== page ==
TIPPECANOE COUNTY, Ind. (WLFI) - The harvest season is entering its second half. With falling temperatures and lower soybean prices, local farmers are hoping to harvest as much as possible.
"I'd like to see mid 60's and full sun. Can't have a better harvest at that,” said Greg Gilbert. Gilbert has been farming in Tippecanoe County for a decade.
Tippecanoe County farmers are facing multiple challenges this harvest. According to Agricultural Economist Chris Hurt, changing weather patterns will determine the harvest's remaining success. "There's been a lot of moisture, fields are pretty saturated. This can make it hard to get through the fields. It can make it difficult for crops to stand,” said Hurt.
The sudden change to cooler temperatures have slowed his preparations for the next growing season. "All tillage and some of the tillage operations right now are just not possible,” said Gilbert.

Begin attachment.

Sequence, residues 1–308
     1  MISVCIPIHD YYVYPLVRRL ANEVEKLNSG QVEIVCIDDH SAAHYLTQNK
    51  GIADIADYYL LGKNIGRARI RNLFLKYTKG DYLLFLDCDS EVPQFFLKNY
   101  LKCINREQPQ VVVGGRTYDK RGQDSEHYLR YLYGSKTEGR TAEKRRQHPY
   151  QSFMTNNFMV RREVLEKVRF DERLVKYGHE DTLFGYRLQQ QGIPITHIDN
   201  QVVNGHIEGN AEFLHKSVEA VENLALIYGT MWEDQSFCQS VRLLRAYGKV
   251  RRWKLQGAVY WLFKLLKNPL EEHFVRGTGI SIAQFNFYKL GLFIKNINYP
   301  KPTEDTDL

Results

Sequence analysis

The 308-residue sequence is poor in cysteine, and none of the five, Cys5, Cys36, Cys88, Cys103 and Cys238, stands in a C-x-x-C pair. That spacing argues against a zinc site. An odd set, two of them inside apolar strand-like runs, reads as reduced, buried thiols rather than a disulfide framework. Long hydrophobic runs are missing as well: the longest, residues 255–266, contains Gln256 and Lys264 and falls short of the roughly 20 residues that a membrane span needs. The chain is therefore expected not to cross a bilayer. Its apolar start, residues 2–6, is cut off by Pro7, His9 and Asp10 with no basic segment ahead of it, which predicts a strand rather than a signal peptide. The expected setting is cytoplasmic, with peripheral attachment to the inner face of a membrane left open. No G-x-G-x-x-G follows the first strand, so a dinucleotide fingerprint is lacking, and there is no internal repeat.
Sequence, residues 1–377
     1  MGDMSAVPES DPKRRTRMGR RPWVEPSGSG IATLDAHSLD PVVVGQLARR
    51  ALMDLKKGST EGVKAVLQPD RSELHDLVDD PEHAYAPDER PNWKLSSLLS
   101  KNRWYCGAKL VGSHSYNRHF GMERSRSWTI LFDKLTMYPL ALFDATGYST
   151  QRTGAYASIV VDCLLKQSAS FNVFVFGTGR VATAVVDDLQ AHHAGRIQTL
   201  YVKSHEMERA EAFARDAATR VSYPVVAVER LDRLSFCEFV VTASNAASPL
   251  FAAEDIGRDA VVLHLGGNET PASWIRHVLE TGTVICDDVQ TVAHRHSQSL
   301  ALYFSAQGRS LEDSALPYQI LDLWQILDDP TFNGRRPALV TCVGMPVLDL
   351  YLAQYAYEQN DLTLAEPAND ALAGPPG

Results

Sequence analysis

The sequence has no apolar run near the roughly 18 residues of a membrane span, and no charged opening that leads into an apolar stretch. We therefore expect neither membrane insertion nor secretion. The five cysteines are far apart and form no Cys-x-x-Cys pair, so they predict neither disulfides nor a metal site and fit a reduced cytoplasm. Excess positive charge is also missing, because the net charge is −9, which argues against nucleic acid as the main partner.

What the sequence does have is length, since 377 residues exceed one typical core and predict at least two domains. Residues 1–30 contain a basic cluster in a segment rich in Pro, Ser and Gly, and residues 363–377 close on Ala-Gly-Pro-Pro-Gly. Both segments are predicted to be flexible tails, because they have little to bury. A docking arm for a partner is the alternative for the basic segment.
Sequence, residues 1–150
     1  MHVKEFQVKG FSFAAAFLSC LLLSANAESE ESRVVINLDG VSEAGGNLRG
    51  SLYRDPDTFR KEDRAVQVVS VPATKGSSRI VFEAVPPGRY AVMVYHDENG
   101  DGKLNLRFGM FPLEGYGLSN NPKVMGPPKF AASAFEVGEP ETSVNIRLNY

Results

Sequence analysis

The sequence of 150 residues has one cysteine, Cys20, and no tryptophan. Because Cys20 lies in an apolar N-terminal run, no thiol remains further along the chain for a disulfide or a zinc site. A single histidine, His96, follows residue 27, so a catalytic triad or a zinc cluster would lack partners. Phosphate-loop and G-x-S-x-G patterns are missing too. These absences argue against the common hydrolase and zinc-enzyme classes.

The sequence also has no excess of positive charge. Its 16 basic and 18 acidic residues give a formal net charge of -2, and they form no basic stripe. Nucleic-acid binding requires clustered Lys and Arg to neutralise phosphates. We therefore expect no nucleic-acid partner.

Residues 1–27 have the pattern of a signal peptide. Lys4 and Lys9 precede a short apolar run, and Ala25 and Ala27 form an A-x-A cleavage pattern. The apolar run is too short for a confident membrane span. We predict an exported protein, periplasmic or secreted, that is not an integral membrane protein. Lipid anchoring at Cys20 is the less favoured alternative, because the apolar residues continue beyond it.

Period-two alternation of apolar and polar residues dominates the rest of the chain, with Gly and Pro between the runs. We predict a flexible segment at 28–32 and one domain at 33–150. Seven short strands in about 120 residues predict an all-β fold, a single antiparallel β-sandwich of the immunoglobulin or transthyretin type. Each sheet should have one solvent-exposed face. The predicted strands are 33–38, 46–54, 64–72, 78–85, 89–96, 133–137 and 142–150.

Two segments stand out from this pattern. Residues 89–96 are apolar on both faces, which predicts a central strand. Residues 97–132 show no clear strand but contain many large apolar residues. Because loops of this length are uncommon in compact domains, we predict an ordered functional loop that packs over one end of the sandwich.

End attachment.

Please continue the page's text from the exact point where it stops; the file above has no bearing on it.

However, cooler temperatures are not the only factor affecting farmers.
"We're seeing anywhere from a dollar fifty to over two dollars of total revenue loss,” said Gilbert.
When you consider the acreage, the dollars add up. Gilbert's farm alone produces around 75 thousand bushels of soybeans. Those losses add up to more than a hundred thousand dollars this year.
The USDA and Trump administration have authorized up to 12 billion dollars in aid to help farmers like Gilbert. According to Chris Hurt the aid will create higher returns. "That is going to be enough to bring, with the price plus the trade assistance, back close to what price we saw last year,” said Hurt.
The added income will create an extra safety net as crops face continuously colder temperatures.
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